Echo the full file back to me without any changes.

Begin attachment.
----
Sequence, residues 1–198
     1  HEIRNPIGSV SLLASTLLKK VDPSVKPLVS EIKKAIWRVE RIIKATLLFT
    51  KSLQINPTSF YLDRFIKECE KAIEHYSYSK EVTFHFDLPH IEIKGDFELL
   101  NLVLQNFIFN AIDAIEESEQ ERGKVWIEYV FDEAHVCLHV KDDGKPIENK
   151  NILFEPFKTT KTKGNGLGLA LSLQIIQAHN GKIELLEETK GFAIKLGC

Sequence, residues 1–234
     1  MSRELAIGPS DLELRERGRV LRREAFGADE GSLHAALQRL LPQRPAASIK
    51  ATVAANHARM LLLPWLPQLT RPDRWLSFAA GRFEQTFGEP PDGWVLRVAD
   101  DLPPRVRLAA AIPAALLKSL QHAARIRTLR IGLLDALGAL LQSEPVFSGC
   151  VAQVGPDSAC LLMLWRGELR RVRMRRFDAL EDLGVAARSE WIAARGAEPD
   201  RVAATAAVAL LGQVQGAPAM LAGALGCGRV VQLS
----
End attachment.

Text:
Sequence, residues 1–198
     1  HEIRNPIGSV SLLASTLLKK VDPSVKPLVS EIKKAIWRVE RIIKATLLFT
    51  KSLQINPTSF YLDRFIKECE KAIEHYSYSK EVTFHFDLPH IEIKGDFELL
   101  NLVLQNFIFN AIDAIEESEQ ERGKVWIEYV FDEAHVCLHV KDDGKPIENK
   151  NILFEPFKTT KTKGNGLGLA LSLQIIQAHN GKIELLEETK GFAIKLGC

Sequence, residues 1–234
     1  MSRELAIGPS DLELRERGRV LRREAFGADE GSLHAALQRL LPQRPAASIK
    51  ATVAANHARM LLLPWLPQLT RPDRWLSFAA GRFEQTFGEP PDGWVLRVAD
   101  DLPPRVRLAA AIPAALLKSL QHAARIRTLR IGLLDALGAL LQSEPVFSGC
   151  VAQVGPDSAC LLMLWRGELR RVRMRRFDAL EDLGVAARSE WIAARGAEPD
   201  RVAATAAVAL LGQVQGAPAM LAGALGCGRV VQLS